The name of the work comes from the Sanskrit words Artha (“aim” or “goal”) and Shastra (“treatise” or “book”) and the goal of the work is a comprehensive understanding of statecraft which will enable a monarch to rule effectively.
The Arthashastra is an Indian treatise on politics, economics, military strategy, the function of the state, and social organization attributed to the philosopher and Prime Minister Kautilya (also known as Chanakya,Vishnugupta, l. c. 350-275 BCE) who was instrumental in establishing the reign of the great king Chandragupta Maurya (r. c. 321-c.297 BCE), founder of the Mauryan Empire (322-185 BCE).
Kautilya was an academician at Taxila University . He is referred to as the Indian Machiavelli as a result of his undisputed and shrewd techniques and policies, which mirror a “realist” approach to politics, diplomacy and warfare.
The Arthashastra is informed both by Hinduism and the practicality of the philosophical school of Charvaka which rejected the supernatural elements of the faith in favor of a completely materialistic view of the universe and human existence. Charvaka claimed that only direct perception of any given phenomena could establish truth and so encouraged a practical approach to life which included logical, reason-based, action in response to circumstance.
The Arthashastra follows this same course in dealing with subjects such as when and how a ruler should assassinate family members or rivals and how one should view foreign states as enemies who are contending for the same resources and power as one’s self and how to neutralize them most effectively.
On the King’s Role & Responsibilities: True kingship is defined as a ruler’s subordination of his own desires and ambitions to the good of his people. A king’s policies should reflect a concern for the greatest good for the greatest number of his subjects.
Warfare as Politics: The Arthashastra suggests a king wage wars of expansion when the economy is strong and the nation prospering so that one will have a reserve of resources in leaner economic periods. The treasury should be maintained at a comfortable level at all times and military campaigns should not be launched, no matter the provocation, if one cannot afford a prolonged engagement.
Economy & Society: The economy was based on agriculture. so Kautilya emphasizes the importance of robust agricultural initiatives for an abundant harvest which will go toward filling the state’s treasury.
Taxes, however, must be fair to all and easily understood by the king’s subjects. Some businesses were state owned and operated and others were private, but both were subject to the same tax laws.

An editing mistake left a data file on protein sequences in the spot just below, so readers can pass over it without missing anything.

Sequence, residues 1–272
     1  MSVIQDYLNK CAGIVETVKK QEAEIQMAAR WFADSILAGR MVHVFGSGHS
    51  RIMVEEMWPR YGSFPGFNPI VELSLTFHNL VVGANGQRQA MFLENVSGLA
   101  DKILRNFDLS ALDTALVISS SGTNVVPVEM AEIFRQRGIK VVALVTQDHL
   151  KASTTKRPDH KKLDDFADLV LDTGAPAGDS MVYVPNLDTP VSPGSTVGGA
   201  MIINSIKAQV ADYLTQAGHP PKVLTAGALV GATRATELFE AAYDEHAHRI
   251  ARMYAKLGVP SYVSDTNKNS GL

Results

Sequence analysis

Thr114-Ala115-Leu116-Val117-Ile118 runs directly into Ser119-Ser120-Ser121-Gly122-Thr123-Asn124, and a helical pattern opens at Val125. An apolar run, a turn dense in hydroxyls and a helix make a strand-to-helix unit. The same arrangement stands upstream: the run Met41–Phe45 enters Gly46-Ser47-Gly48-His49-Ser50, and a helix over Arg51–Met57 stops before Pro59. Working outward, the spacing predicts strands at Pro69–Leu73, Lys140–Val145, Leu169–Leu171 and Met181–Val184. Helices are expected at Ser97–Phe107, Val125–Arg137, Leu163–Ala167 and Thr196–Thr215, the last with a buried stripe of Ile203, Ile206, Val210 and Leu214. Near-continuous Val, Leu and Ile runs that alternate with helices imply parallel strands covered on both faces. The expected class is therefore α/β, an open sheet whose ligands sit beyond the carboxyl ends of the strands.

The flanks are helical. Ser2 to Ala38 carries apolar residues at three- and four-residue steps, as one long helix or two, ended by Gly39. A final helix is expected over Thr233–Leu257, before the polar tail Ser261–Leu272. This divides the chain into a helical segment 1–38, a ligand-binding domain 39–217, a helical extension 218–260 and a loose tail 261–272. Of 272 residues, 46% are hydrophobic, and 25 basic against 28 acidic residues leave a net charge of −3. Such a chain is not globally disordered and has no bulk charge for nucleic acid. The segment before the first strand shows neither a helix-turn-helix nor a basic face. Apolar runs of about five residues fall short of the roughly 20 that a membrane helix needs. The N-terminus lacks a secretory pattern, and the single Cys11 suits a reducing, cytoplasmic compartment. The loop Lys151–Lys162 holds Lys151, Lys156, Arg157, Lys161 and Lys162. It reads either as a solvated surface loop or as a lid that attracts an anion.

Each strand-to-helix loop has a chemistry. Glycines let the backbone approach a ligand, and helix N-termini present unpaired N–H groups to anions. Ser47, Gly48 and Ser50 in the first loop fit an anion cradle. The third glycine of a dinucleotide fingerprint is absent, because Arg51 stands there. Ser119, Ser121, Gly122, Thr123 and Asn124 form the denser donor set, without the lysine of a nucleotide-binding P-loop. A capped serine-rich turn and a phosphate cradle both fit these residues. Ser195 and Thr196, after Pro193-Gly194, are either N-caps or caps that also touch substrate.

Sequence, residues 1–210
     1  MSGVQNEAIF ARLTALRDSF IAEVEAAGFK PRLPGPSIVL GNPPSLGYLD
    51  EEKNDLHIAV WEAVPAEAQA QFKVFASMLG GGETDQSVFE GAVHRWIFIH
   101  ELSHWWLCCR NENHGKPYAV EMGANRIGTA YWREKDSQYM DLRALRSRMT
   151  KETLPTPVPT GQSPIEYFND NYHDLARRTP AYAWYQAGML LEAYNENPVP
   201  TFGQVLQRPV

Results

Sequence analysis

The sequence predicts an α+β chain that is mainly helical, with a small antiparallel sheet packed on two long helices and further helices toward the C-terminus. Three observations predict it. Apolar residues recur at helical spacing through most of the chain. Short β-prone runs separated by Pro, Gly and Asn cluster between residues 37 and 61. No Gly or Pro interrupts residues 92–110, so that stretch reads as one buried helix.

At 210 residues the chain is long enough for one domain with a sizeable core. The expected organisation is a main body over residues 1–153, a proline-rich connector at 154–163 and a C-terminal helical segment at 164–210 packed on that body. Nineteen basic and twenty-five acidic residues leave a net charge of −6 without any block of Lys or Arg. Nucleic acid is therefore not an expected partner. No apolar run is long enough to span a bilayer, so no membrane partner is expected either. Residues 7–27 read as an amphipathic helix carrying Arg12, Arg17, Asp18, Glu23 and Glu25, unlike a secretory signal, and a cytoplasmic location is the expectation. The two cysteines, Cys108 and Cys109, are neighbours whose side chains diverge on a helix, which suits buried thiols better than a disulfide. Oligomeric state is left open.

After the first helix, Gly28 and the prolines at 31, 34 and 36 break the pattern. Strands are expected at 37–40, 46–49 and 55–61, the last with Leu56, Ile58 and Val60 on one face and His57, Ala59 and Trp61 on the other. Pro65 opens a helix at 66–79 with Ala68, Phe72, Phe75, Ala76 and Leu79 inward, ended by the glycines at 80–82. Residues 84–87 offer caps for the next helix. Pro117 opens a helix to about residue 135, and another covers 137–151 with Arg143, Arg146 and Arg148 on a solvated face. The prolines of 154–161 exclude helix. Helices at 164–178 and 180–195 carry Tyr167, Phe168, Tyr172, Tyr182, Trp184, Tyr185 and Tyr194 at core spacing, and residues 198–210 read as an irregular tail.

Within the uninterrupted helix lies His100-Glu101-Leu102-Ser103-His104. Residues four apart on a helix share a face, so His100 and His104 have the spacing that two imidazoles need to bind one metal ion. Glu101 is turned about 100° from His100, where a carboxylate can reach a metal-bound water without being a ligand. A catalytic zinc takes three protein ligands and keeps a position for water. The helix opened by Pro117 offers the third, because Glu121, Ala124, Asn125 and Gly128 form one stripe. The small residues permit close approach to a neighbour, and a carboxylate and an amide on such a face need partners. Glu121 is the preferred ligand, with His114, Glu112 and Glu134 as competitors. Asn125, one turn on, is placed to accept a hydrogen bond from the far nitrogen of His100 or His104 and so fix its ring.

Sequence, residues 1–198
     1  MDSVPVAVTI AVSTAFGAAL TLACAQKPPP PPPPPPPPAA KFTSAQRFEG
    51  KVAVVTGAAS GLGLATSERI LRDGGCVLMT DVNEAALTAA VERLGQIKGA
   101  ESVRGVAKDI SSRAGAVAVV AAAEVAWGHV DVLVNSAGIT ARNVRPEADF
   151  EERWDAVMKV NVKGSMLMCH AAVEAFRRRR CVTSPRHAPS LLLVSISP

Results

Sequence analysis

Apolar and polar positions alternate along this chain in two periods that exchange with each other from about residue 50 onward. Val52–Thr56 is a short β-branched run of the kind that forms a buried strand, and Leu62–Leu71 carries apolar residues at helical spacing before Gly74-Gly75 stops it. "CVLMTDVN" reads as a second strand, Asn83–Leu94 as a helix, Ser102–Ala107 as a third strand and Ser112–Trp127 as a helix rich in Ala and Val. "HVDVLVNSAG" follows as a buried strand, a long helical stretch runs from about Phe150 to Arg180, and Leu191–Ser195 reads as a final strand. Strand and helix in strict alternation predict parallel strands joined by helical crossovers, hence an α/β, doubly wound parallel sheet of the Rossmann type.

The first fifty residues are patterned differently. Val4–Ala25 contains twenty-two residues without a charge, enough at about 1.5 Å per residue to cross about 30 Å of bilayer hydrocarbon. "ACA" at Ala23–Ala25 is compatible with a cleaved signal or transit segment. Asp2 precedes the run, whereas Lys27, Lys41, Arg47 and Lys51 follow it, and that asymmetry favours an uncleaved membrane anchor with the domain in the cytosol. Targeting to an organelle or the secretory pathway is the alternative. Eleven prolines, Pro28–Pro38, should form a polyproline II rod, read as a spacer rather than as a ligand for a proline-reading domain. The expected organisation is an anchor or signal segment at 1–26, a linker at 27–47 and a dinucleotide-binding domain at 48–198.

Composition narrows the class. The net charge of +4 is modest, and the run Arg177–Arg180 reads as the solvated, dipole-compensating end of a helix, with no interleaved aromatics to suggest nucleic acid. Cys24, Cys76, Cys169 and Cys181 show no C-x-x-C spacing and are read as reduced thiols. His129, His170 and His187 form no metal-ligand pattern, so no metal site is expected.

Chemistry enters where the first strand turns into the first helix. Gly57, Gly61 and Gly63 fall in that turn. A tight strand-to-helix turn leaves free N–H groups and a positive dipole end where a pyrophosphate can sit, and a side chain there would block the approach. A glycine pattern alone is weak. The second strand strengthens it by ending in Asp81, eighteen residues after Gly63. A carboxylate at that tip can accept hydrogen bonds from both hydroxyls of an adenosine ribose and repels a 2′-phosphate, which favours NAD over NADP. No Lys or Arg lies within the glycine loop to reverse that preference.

Marriage: Kautilya, in Books II, III, and IV, states that a girl should be free to marry anyone she chooses as long as she respects her parents’ property rights. If the parents approve of, or arrange, a marriage then the girl may take from her parents’ home anything she has received from them; if not, then she may take nothing.
Caste System: Both the Manusmriti and the Arthashastra speak with approval of the caste system.
Any person who has once voluntarily enslaved himself shall, if he runs away, be a slave for life. The ransom necessary for a slave to regain his freedom is equal to what he has been sold for. Failure to set a slave at liberty on the receipt of a required amount of ransom shall be punished with a fine.
If a slave who is less than eight years old and has no relatives, no matter whether he is born a slave in his master’s house, or fallen to his master’s share of inheritance, or has been purchased or obtained by his master in any other way, is employed in mean avocations against his will or is sold or mortgaged in a foreign land;or if a pregnant female slave is sold or pledged without any provision for her confinement, her master shall be punished with the first amercement.
Throughout the entirety of the Arthashastra, it is made clear that the king is solely responsible for how well the kingdom functions and so the king must be willing and able to pursue any course of action, no matter how seemingly questionable or personally distasteful, to ensure the stability and success of the State.
The Arthashastra is thought to have paved the way for Chandragupta’s success as well as that of his grandson Ashoka the Great (r. 268-232 BCE). The work was considered lost, its existence only known through references to it in later pieces, until it was discovered by Shamasastry in 1905 CE. Shamasastry published the work in 1909 CE and then translated it into an English version published in 1915 CE which brought Arthashastra to the attention of a world-wide audience